It’s not often, almost never actually, that the monthly employment report is the third most important event of the week but that’s the way it is this week with the presidential election and the FOMC meeting populating a very crowded week. The current consensus expectation is for 590 thousand new jobs versus 661 thousand in September. Those are impressive numbers in almost any other time but now they fall short.  The October gain would represent about 12 million jobs recovered from the 22 million lost in April and May. The fact that job gains are slowing while 10 million remain jobless from the pandemic speaks to the long and grinding nature that will be this recovery. That is why the Fed remains cautious about the economy not to mention the absence of a Stimulus 2.0 bill, and in full accommodative mode while so many remain jobless and the pandemic remains a considerable threat.

 

4.  October ISM Readings — Monday and Wednesday

In addition to the employment report we get two other big October-based economic reports in the form of the ISM Manufacturing Index today and the ISM Services Index on Wednesday. Combined with the jobs report on Friday these three reports will give us a pretty good look at October activity. The ISM Manufacturing Index due later this morning is expected to duplicate the outlook in September. The headline read is expected to be 56.0 versus 55.4 in September. So the manufacturing sector is expected to remain in solid expansionary territory. The ISM Services Index on Wednesday is expected to print a 57.5 versus 57.8 in September, so another near duplicate of the prior month. So in all, the pair of reports is expected to show solid expansion in both sectors and combined with an expected decent jobs report leads us to believe the Fed will pass on this week’s meeting and look to December to decide whether any additional monetary stimulus is necessary.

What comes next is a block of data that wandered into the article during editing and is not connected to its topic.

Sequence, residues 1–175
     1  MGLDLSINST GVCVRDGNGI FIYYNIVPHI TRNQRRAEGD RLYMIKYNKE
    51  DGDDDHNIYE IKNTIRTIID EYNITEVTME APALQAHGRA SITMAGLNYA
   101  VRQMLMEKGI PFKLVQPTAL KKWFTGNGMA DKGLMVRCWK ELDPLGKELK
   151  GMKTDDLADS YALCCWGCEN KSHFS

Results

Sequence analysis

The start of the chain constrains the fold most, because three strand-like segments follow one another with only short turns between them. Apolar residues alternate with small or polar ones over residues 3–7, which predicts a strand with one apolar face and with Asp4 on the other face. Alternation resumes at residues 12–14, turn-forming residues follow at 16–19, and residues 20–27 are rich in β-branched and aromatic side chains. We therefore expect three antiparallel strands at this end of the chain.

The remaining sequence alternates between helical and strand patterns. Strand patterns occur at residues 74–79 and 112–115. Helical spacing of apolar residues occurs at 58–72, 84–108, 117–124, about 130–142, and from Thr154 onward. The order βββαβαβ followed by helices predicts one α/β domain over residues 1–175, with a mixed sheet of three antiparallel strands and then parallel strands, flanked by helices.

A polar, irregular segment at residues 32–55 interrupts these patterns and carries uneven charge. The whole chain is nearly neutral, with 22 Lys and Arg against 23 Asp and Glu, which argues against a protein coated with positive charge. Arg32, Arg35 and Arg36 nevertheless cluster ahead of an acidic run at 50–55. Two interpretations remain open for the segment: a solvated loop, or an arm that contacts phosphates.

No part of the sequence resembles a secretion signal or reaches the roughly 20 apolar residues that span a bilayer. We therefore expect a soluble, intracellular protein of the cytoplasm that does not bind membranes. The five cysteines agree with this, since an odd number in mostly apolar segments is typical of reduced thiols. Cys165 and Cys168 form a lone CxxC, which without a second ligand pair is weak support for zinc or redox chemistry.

5.  Initial Jobless Claims — Thursday

The weekly change in initial jobless claims continues to be the best real-time indicator of how the economy is recovering and the expectation is that while recovering the recovery is getting shallower.  The Bloomberg consensus expects jobless claims for the week ended October 31 to be 735 thousand, down from 751 thousand the previous week.  Continuing claims are expected to be 7.35 million versus 7.76 million the prior week. The trend is headed in the right direction but the slope is shallow and that speaks to the Fed’s concerns that this will be a long and grinding recovery that spans years, not months.

 

 


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Published: 11/02/20 Author: Thomas R. Fitzgerald